Get Real About the Holidays

You will never be able to do all the things that you feel that you should do about celebrating the holidays. You will never be able to give everyone the right gift, invite the right people over to your house, focus totally on the real spirit of Christmas, do many marvelous charitable acts, decorate the house and yard, send Christmas cards to everyone, help your extended family, help your own family, buy the right food for parties and dinners, select the proper activities and entertainment for family members and friends, figure out how best to celebrate the New Year, decide on new year resolutions, and on and on and on.

Don’t feel badly. You are not alone in this “not enough time mess.” No one can do all the things that they would like to for their families, work world friends and neighbors, communities and churches, and for themselves. The reason is that time is finite but the demands that we place on our time is infinite. No one can do everything that they would like to do for everyone, especially during the holidays.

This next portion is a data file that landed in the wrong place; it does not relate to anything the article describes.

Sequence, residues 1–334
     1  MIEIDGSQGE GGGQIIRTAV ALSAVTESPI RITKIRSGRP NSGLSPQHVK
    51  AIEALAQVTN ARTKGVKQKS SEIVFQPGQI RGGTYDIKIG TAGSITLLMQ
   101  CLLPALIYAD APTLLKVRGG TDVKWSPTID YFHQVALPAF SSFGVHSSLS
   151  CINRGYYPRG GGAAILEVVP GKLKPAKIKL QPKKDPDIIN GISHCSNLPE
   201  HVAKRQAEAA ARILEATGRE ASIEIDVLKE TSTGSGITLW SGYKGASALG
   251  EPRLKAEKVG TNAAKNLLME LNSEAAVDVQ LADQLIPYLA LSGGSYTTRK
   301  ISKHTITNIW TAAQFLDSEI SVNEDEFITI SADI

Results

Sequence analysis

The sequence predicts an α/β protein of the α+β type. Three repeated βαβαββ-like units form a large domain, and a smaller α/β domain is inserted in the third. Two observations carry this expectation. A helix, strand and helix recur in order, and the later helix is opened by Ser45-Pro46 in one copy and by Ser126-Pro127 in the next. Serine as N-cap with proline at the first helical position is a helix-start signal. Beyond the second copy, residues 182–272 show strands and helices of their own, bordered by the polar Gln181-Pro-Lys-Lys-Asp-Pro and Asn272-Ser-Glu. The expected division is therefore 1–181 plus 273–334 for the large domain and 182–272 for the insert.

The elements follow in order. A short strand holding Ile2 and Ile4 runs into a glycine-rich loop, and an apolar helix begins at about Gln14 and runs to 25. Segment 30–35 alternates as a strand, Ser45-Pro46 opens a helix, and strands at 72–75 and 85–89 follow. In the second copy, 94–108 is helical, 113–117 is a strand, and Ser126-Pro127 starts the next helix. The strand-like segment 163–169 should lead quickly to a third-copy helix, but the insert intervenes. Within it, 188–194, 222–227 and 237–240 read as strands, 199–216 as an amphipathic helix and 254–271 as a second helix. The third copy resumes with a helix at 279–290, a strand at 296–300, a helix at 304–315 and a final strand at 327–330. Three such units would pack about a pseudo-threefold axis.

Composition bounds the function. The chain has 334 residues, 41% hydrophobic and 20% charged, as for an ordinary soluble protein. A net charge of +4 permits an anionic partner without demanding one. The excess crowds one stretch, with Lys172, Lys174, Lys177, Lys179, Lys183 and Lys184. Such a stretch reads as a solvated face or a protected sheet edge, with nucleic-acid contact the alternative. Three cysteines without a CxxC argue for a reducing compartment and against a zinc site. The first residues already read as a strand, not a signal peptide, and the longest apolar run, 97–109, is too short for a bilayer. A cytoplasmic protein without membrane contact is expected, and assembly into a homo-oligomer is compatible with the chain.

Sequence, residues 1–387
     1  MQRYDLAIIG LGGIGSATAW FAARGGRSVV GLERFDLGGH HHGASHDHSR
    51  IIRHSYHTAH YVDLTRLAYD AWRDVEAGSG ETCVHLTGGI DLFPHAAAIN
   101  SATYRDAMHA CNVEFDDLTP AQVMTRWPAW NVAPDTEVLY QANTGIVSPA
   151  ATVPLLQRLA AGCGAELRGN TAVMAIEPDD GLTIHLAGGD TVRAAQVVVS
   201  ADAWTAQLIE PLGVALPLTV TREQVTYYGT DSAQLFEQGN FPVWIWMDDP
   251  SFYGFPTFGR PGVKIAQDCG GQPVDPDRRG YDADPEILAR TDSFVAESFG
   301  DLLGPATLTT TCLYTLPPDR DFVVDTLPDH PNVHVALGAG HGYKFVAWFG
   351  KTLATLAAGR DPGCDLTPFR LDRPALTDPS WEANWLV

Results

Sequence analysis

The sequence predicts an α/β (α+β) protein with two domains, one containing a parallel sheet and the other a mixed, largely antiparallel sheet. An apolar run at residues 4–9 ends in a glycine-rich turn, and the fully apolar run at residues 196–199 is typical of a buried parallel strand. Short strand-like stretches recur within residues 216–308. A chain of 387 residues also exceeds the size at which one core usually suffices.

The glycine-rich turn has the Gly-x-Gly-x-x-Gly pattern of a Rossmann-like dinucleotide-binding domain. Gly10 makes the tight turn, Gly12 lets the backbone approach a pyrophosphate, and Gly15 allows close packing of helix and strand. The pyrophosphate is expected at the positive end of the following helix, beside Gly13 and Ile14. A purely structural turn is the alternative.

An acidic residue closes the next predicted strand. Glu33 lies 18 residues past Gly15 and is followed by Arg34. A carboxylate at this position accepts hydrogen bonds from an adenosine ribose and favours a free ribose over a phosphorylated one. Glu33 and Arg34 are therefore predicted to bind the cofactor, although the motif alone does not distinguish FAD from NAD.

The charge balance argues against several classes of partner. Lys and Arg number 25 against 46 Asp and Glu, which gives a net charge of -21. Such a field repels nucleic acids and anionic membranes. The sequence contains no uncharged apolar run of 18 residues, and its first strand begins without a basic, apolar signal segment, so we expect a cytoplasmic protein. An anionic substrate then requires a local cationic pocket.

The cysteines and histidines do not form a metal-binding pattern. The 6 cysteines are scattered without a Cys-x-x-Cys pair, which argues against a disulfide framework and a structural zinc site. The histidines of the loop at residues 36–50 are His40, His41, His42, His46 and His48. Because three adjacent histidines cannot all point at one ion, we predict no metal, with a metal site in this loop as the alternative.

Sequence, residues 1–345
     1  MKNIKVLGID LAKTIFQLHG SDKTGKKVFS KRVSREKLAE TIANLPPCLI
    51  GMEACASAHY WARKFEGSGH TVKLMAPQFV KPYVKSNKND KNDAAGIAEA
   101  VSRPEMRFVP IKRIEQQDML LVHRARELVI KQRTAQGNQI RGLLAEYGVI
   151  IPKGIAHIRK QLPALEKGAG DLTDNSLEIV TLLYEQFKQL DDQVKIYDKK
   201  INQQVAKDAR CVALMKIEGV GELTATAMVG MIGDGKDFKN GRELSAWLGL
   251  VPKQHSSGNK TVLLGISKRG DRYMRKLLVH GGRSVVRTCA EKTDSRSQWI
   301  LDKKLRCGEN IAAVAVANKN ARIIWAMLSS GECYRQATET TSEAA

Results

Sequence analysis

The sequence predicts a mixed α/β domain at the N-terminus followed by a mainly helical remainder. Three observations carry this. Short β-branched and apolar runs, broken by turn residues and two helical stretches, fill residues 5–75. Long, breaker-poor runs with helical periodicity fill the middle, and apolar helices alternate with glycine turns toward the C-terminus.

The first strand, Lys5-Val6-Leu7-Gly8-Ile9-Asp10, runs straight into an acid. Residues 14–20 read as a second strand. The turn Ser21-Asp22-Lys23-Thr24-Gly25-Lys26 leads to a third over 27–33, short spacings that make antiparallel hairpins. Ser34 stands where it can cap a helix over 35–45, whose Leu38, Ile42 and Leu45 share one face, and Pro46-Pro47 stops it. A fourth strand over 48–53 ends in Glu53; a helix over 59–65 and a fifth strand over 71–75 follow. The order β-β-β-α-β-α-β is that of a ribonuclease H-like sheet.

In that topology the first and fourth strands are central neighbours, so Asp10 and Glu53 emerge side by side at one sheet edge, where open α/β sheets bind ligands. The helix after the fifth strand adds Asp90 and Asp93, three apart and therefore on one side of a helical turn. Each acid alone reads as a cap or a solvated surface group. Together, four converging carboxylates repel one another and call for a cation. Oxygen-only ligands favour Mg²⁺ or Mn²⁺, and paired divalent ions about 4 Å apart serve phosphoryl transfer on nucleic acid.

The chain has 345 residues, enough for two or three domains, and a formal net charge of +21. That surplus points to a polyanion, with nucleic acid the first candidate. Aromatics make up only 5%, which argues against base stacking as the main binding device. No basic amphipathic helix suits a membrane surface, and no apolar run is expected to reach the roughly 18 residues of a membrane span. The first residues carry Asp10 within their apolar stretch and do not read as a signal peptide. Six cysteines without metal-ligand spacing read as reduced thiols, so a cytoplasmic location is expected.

So, get real. Decide early what is important and what is not important. If you have to, create a “don’t do list.” Think about last year’s holiday celebrations and what seemed to work for you and what didn’t. Think of your own immediate family first. Ask yourself, what activities and traditions would be of most value to them? Ask family members how they would like to celebrate the Christmas and New Year holidays. Ask them what they like and what they don’t like. Don’t get caught up in trying to do everything for everybody. You can’t do it. If you try you will end up a classical basket case! Getting real is a tough assignment. But you can do it. Figure out in your mind what matters most during the holidays. Do that and learn to let go of the rest. You will be much happier if you do, and so will everyone around you.